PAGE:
October 13, 2013
This is Fish Radio. I’m Stephanie Mangini. Diving for dollars. Hear more after this . . .
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Diving for sea cucumbers, geoduck clams, and sea urchins is a unique yet very lucrative fishery. Southeast holds the title for the biggest dive fisheries in Alaska. Around 70 divers have been searching the bottom of the ocean for sea cumbers since opening day on October 1st. The Alaska Department of Fish and Game’s dive fisheries Stock Assessment Leader Mike Donnellan in Juneau gives us the scoop.
“For cucumbers we’ve got a GHL of just over a million pounds, and that is up about 81/2 percent over the last time these areas where opened.”
All of the diving grounds are on a three year rotation, for sea cucumbers and Geoduck clams.
“So they are only open every three years, and we re- survey prior to them reopening. For Geoduck clams we have a total GHL of 750,000 pound. That’s about a 12 percent decrees in real terms compared to the same areas that were open in 2012.
Donnellan says a few areas that had been closed due to high PSP have been added to the rotation this year.
“Our GHL is little higher than it would ordinarily be because there are two areas included in this rotation that normally are not in this rotation. There were issues with high P.S.P or Paralytic Shellfish Poisoning levels in those areas last time they were open, so there was a significant amount of quota left on the table.”
PSP continues to be a determining factor in the dive fisheries, and is having a huge effect on live sales to china. Otters are also taking a bite out of the dive fisheries.
“They don’t subscribe to fishing seasons. They constantly eat in these areas. The geoduck clams last a bit longer than other preferred prey items in the areas where sea otters are present. Because they are dug in so deep, it is a lot of work for a sea otter to dig one out.”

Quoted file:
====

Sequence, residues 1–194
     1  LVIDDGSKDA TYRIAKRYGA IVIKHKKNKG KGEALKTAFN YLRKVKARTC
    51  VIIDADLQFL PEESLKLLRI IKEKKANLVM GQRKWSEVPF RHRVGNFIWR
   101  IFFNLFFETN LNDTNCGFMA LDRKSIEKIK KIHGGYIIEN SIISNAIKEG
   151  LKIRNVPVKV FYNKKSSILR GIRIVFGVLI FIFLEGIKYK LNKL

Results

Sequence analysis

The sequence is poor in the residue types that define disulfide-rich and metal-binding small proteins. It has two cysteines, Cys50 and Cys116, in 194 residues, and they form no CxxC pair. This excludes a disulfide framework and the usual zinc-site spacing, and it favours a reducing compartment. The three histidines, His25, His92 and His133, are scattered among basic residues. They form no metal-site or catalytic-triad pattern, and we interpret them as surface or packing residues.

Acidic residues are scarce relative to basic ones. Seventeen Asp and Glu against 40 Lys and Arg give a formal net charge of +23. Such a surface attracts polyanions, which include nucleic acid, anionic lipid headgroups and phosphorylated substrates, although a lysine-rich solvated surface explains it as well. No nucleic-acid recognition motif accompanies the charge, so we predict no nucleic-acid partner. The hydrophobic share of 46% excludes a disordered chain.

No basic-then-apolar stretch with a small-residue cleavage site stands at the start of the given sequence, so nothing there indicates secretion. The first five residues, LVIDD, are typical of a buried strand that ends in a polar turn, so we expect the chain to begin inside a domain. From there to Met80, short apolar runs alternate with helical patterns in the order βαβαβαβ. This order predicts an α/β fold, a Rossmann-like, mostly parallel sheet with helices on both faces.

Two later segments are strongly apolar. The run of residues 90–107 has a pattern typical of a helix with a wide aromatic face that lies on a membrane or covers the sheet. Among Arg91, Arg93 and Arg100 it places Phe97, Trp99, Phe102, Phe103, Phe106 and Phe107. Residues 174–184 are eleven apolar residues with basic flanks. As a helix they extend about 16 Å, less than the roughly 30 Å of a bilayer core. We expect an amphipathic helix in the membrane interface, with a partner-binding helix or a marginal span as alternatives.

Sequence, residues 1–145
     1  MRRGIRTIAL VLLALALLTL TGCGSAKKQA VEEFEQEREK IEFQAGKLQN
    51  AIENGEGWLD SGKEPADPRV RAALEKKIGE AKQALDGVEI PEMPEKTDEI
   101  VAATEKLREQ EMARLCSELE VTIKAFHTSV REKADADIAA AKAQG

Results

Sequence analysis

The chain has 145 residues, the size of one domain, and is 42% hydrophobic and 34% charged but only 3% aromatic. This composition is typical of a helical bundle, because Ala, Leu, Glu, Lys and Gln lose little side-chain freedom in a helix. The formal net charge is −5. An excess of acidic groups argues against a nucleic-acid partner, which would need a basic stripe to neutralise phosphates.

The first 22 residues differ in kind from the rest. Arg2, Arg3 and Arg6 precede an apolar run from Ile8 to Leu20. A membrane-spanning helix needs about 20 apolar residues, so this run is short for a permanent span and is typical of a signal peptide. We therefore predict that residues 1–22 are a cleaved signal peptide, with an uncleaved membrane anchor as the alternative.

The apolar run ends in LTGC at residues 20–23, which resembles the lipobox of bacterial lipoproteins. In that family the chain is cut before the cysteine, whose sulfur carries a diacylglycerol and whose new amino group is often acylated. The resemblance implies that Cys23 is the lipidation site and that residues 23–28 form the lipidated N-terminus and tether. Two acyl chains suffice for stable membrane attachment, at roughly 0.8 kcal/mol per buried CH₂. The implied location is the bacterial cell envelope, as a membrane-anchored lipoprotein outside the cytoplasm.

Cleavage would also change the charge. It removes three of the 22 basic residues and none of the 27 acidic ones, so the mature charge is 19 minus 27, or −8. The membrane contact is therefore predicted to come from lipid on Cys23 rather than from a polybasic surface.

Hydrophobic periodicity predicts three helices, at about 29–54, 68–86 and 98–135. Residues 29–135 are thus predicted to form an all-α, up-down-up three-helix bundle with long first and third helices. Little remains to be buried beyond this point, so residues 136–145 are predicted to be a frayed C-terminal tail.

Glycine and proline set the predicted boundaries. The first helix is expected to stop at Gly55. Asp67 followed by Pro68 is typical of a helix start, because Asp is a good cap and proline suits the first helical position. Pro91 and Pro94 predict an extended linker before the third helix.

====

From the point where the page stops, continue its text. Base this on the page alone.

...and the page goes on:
The Southeast Sea Otter population is about 25,000, He says about 12,000 otters invade the diving grounds. Prince of Whales and Craig are the latest to be shut down due to otters. A very hefty Red sea urchin fishery is also opens with a nearly 3.5 million pound harvest, but with little to no effort due to markets. Around Kodiak four areas are active for sea cucumbers with a 140,000 pound harvest. ADF&G’s groundfish/ shellfish Area Management Biologist, Trent Hartill in Kodiak catches us up to speed.”
“The Second opening is currently underway and there is varying levels of harvest remaining in each of those four main sections. And we are kind of anticipating that we will close the west side after this opening.”
Twenty divers are targeting sea cucumbers around Kodiak, talk on the dock is that the price is strong and fishermen are looking to get at least five dollars per pound.
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Fish Radio is also brought to you by Ocean Beauty Seafoods, an Alaska corporation proudly supporting Alaska’s coastal communities and the Alaskans who depend on fishing for their livelihoods and culture. In Kodiak, I’m Stephanie Mangini. www.oceanbeauty.com